The electronic-cigarette industry is heating up. Bars and shops are opening in the Sacramento area catering to people who “vape.” That’s the term used for inhaling water vapor through an e-cigarette or other personal vaporizer.
But amidst the vaping boom, regulations loom. Friday is the deadline for people to comment on a federal proposal to regulate e-cigarettes.
One of Midtown Sacramento’s most popular vape bars is located in the backroom of a restaurant. You walk past black curtains to enter.
Sam Chao, co-owner of VaPour House, describes the lounge.
"This is a speakeasy bar – a 1920’s theme," he says. "We want to bring smoking back indoors, but this is not smoking this is vaping.”
It looks like a regular bar here. But instead of alcohol, customers choose from an array of flavored liquids.
“You pour the e-liquid into a tank,” explains Chao. “In the tank there’s a heating element that heats up the e-liquid and produces vapor and that’s what you’re inhaling is vapor.”
Serving the e-liquid in this saloon is, not a bartender, a “vape-tender.”
“We have a flavor that is dragon fruit/strawberries and cream," says Chao. "You might like that one. It kind of reminds me of a strawberry Starburst.”
Jeff Eggink used to smoke a pack of cigarettes every two-days but switched to vaping about a year ago.
“It’s so much better; the flavor, the smell,” says Eggink. “I can hang out with a pretty girl and not have to worry about ‘you smell like cigarettes.’ That’s probably the worst thing about cigarettes is the smell.”
And Eggink, who’s in his 20s, says there were physical changes for him.
“I noticed that after about a week of vaping where I could wake up in the morning, I didn’t have that little wheeze and I could actually skateboard all day long and not have to stress about smoking," says Eggink.
Chao opened this vape bar about eight months ago.
“We have seen growth with our business,” says Chao. “At first I was thinking maybe it’s going to be 21 and over. But the age group is anywhere from 18 all the way to 50.”
Chao’s bar is part of a growing e-cigarette industry that will make an estimated $2 billion in global sales this year. Sacramento has about two-dozen vape businesses including a retail store along Power Inn Road called Vaping Image. Co-owner Dat Pham says his clientele is diverse too.
“Lawyers to construction workers to PG&E workers, policemen, firefighters," says Pham.
Pham says for many of his customers vaping is not only a way to quit smoking tobacco, it’s also a hobby: people like collecting the various vaping devices...some of them look like small light sabers used in the Star Wars films. And besides the products themselves, customers come in for the communal part of vaping.
“We like to get together, vape, talk vape, see who can blow the biggest cloud, share flavors," says Pham.
Dr. Michael Schivo of the UC Davis Health System says, “There is a sense of community around it that unless we really understand, we’re not going to know how to effectively intervene.
Schivo specializes in pulmonary and critical care medicine.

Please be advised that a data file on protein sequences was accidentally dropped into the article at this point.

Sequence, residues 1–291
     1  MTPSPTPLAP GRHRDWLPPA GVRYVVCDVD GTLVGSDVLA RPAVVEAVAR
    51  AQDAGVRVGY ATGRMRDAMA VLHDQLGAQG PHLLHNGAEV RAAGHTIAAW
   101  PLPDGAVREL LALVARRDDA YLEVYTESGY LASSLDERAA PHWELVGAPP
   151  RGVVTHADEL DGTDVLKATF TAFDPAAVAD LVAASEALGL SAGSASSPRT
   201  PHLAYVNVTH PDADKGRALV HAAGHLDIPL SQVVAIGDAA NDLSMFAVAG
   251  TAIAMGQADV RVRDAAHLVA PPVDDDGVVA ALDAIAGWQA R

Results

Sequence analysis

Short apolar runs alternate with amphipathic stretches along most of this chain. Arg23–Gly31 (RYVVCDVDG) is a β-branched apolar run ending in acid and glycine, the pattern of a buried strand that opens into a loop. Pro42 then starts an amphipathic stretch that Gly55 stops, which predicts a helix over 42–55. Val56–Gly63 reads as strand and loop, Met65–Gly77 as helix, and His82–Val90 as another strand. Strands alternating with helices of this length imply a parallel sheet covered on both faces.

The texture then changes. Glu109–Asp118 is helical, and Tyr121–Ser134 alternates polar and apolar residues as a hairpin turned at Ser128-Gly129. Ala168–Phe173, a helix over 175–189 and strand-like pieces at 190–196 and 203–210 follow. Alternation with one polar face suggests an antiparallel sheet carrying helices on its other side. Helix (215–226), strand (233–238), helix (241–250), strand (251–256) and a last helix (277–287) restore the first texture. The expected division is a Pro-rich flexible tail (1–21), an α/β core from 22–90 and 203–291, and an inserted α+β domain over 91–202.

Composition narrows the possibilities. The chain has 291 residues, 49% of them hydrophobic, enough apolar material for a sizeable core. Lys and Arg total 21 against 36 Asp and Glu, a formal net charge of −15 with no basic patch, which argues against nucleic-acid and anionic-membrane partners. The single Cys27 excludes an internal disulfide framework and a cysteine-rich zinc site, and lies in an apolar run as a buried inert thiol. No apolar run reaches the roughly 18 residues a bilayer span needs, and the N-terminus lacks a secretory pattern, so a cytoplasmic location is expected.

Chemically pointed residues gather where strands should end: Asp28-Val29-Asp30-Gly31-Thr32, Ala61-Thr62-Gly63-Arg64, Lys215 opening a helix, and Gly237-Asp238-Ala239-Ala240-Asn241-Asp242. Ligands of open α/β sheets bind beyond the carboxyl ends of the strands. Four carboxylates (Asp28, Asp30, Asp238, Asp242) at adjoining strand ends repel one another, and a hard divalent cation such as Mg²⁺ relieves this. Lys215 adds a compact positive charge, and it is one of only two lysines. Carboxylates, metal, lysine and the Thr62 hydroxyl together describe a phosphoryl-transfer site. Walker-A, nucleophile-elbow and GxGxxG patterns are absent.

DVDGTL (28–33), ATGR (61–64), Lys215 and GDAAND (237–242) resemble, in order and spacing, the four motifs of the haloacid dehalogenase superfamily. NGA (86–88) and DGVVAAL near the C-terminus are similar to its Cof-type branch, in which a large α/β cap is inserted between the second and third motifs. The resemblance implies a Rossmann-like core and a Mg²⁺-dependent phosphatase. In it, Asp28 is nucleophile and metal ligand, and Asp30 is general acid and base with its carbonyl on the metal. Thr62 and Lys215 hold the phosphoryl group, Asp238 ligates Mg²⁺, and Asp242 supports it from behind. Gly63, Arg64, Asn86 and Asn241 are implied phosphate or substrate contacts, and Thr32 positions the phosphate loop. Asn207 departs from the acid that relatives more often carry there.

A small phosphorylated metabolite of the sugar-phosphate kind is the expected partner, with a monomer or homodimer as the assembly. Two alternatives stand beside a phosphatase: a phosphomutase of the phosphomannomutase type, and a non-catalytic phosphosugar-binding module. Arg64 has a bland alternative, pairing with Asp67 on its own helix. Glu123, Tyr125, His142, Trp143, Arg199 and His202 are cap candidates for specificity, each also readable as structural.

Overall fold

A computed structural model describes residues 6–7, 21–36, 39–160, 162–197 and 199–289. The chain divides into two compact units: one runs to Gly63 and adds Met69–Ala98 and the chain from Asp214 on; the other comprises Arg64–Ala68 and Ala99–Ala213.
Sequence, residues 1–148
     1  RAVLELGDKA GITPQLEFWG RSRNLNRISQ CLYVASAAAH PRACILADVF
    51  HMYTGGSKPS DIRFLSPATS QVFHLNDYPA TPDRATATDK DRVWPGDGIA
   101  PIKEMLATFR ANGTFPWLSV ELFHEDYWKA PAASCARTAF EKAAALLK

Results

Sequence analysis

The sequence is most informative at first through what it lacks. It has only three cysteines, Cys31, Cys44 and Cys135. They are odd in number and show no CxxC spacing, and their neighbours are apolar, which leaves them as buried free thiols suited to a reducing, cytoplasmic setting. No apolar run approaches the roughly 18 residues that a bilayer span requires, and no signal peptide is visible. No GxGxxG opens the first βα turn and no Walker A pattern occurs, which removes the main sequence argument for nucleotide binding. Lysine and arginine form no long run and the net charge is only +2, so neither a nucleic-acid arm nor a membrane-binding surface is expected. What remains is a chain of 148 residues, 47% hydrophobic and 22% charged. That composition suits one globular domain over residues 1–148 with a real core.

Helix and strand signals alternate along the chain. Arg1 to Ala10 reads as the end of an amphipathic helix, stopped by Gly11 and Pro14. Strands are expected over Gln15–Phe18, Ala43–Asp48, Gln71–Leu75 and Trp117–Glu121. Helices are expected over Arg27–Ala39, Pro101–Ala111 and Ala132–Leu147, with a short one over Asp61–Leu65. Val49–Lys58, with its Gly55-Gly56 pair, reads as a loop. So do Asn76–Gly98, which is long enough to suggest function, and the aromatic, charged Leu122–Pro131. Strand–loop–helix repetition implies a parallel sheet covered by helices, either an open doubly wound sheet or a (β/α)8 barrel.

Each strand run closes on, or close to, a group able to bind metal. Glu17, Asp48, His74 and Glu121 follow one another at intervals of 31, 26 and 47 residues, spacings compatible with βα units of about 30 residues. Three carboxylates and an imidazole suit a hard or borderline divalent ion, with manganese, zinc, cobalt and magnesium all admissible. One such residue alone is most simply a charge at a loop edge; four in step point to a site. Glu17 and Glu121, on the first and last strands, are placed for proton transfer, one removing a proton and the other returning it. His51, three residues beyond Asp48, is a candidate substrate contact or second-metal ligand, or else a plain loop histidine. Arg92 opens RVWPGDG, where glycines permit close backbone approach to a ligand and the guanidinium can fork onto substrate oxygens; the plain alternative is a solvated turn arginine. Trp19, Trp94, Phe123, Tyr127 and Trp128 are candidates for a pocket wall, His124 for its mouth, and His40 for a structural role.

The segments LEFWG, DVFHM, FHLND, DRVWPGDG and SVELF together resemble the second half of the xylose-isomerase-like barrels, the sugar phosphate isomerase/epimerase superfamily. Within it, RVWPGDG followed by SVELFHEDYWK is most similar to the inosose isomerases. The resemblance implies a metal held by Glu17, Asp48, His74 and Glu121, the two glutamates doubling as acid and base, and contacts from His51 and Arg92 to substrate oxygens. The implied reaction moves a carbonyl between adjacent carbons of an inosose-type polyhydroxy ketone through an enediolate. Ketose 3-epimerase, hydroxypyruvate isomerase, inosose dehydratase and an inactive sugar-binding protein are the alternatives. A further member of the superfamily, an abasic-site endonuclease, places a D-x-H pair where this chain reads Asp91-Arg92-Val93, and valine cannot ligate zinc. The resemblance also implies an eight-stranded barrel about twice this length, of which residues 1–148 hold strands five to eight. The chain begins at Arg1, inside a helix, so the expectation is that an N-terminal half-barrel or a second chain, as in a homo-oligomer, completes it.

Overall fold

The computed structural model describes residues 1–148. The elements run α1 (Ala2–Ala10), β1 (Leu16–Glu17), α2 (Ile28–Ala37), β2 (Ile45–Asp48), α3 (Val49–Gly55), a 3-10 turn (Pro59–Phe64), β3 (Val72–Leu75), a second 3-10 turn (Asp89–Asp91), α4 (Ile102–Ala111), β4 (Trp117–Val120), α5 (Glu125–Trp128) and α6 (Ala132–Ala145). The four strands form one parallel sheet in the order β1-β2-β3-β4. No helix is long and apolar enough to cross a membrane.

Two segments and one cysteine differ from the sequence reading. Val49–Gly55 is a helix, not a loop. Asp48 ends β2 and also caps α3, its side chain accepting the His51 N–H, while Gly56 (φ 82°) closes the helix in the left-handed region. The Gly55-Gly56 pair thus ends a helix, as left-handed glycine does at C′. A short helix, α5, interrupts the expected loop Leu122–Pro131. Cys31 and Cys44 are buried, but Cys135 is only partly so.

“I’m not so worried about the population of people that already smoke regular cigarettes and are switching to e-cigarettes,” says Schivo. “I’m worried about the population that have never smoked regular cigarettes but are interested in e-cigarettes and potentially that being a gateway to reinvest back in regular cigarettes.”
Schivo points out e-juices contain a mix of: nicotine, which is known to speed up the heart and be addictive, flavorings and chemicals known to be toxic in other uses.
“The other substances, propylene glycol and stuff can create toxic substances to nerves, to heart tissue and to other tissues in the body,” explains Schivo. “Unfortunately right now we know this is true but we don’t know it’s true associated with electronic cigarettes.”
Researchers say long term studies will be needed to determine the toxicity of e-cigarettes. In the meantime, they’re looking at statistics collected at specific times. Doctor Lauren Dutra is with UC San Francisco’s “Center for Tobacco Control and Research and Education.” She looked at data from middle and high school students who completed the National Youth Tobacco Survey in 2011.
“The adolescents who used e-cigarettes were more likely to be conventional cigarette smokers, they were less likely to have recently abstained from cigarettes, they were also more likely to be heavier smokers of cigarettes,” says Dutra.
Dutra says more conclusive research on the consequences of e-cigarettes, research that could help prompt the U.S. Food and Drug Administration to regulate electronic devices, will take more time.
“Unfortunately we didn’t have data on the same people over time so we couldn’t say in the conclusion section of the paper for example ‘kids who use e-cigarettes are more likely to go on to smoke cigarettes,'"says Dutra.
Friday is the last day that people can go on the FDA’s website and comment on proposed rules banning sales of e-cigarettes to kids under 18. Leaders in the vaping business community say they have fought regulation in the past and won, they expect to win again. And many observers believe, when the FDA does issue regulations, the fight will ultimately be decided by the courts.
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